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Mother and newborn in bathtub after giving birth

Preparing for Birth

Preparing for birth will help you physically, mentally, and emotionally

Rebecca Bartsch, LM, CPM

It’s no secret that natural childbirth is a challenging endeavor. Natural childbirth is healthy, normal, and empowering, but I think it’s important to balance those beliefs with some honest perspective: giving birth is hard. It is physically tiring, emotionally trying, and in the moment, it can feel like it will never end. It is important to prepare yourself physically, mentally, and emotionally for the experience of labor and birth, as proper preparation will help you greatly if things get tough. Here are some things to consider as you begin preparations for your amazing labor and birth.

Self-care during pregnancy is important

Commit to self-care during pregnancy and during labor: A healthy pregnancy is likely to result in a healthy birth, so eat well during pregnancy, avoid harmful practices like smoking, and stay active! Daily brisk walks and deep squatting are excellent and simple ways to strengthen and tone your body for labor. Prioritize sleep in the last weeks of pregnancy as you will want to be well-rested when labor starts. During labor, plan to have plenty of simple foods available so you can eat and drink often. Food and water are necessary to fuel the work of labor!

Educate yourself about labor and birth: If you understand what is happening in your body during labor, you are likely to cope better with the experience. Consider taking a childbirth education class, reading books about natural childbirth, reading positive birth stories, or watching videos of women giving birth naturally, and ask your midwives lots of questions! And definitely ignore unwanted advice, negative opinions, and birth “horror stories”.

Surround yourself with a supportive birth team

Gather a loving, supportive birth team: Surrounding yourself during labor with people you trust and with whom you feel safe is one of the most important things you can do to ensure a positive birth experience. Some women want only their partner with them, others want an extra friend or doula as well, and some choose to include several friends/family members for a larger group. Ask only those who you think will help you, not sit and watch you, and give everyone a job so they know what to do.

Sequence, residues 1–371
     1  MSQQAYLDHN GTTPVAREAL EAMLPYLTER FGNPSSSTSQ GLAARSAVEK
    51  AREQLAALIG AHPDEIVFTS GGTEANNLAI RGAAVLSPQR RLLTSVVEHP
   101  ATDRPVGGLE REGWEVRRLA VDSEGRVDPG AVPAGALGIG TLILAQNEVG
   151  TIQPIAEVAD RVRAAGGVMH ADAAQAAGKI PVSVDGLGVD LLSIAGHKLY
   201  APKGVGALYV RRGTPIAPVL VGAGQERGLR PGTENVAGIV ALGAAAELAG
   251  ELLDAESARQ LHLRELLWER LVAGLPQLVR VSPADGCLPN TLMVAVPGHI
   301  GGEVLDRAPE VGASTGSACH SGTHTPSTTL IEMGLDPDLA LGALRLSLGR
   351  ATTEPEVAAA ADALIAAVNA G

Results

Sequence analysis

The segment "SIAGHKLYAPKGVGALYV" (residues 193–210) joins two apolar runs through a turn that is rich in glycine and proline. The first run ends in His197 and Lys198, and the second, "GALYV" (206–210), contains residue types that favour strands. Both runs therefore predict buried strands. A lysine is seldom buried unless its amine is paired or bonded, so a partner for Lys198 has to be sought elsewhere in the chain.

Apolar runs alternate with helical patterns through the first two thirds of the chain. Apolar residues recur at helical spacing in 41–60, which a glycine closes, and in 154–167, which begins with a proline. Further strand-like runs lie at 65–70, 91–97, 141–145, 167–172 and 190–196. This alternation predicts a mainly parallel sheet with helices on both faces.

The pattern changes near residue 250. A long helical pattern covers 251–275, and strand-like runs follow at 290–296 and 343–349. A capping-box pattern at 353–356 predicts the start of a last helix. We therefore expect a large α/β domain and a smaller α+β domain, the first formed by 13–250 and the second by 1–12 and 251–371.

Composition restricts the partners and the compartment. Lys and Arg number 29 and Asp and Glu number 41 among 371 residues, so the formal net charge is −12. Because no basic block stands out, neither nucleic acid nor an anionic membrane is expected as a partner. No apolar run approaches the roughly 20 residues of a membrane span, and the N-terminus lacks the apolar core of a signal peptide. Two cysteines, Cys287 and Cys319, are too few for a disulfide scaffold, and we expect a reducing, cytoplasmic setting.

Prep your support people: Educate your support people about what to expect during labor as much as you can, and let them know what you think will be helpful from them during labor. In what ways do you anticipate needing their help? What words or phrases would be helpful to hear from them? What words or phrases would you find annoying? Will you want physical closeness (hand holding, massage, etc.) or will you want space? Will you want constant eye contact or to sit with your eyes closed? Talking about this ahead of time is useful for giving everyone a starting point for what to expect, but of course your preferences may change once you’re in labor and that’s okay!

Create the perfect environment to give birth

Design your birth space with intention: As best you can, set up your birth space to reflect what makes you feel calm and safe. Will you want dark lighting or bright sunlight? Will you want quiet music, loud music, silence? Is there a particular focal point you might like to have, like a photograph or piece of art that inspires you?

Practice relaxation: Labor and relaxation might sound like complete opposites, but it is totally possible and totally necessary to relax during labor. When relaxed and calm, labor hormones flow better, the cervix dilates more efficiently, and the baby is able to pass through the pelvis more easily. During pregnancy, identify times when you feel stressed or like you aren’t coping well with a particular situation, and use that as a time to practice relaxation
techniques to bring calmness to your body despite the challenge you are facing. Try taking slow, deep breaths with your eyes closed for several minutes. Try visualizing that you are in a “happy place” or that the outcome you’d like to see from your challenging situation is unfolding. Try giving yourself an encouraging pep talk, even if it feels silly and inauthentic to say positive things to yourself, learning to do so despite the negativity you may actually be feeling will help train your brain to jump to positive thinking faster. These types of relaxation techniques are helpful during labor when you need some grounding.

Most importantly: Trust yourself, trust your baby, and trust your team!